I don’t know, putting solar panels in the drained reservoir of a former dam which might have been built for flood control seems a bit iffy. After the next really big rain storm or snow melt, the flood of the no-longer-tamed river could destroy the solar farm.
The Guardian article mentions that Edwards Dam and 3.5 MW hydropower plant in Maine was removed in 1999. https://en.wikipedia.org/wiki/Edwards_Dam
“Because the Edwards Dam did not serve any of the purposes of flood control, irrigation, or substantial hydropower production, there was much more purpose to bring it down.”
However Edwards Dam has not been replaced by 3.5 MW of solar power, so I’m not convinced that’s a good example of how “undamming rivers can offer a new source for clean energy”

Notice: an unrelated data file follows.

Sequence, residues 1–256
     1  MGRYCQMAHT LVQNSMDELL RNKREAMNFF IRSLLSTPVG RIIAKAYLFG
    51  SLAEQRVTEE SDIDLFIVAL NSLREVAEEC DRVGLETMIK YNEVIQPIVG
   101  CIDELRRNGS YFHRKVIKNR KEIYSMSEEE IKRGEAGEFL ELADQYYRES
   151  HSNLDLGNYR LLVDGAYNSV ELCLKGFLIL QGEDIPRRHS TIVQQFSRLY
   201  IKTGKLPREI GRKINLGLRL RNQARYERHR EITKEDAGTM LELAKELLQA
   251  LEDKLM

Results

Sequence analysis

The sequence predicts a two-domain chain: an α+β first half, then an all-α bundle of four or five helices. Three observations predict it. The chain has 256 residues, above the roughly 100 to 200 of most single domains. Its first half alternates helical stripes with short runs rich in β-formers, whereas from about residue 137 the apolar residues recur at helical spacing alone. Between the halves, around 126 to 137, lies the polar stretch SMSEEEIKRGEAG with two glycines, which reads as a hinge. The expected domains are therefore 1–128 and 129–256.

The article claims “If the Conowingo Dam were removed, this would free up more than enough area
to replace the lost hydroelectric generation with power from solar parks along the former reservoir bottom”. Then it fails to support that claim, which turns out to be untrue. The Conowingo Dam provides 572 MW of power, but the article distracts us by bringing up the 392 MW Ivanpah solar power plant in California and ends up saying “Thus, about three-quarters of the river bottom would need to be in solar to match the output of Ivanpah.” If 3/4 of the river bottom could match the 392 MW output of Ivanpah, then the entire river bottom would be able to provide about 523 MW, which is not enough to entirely replace the 572 MW of Conowingo Dam. You couldn’t even use the entire river bottom anyway because there would still be a (narrower) river running down the bottom of it.
It may make good sense to remove certain dams, but I’m still not sure it’s a good idea to put a solar farm on the river bottom. The deluge from another Hurricane Agnes could wipe it out.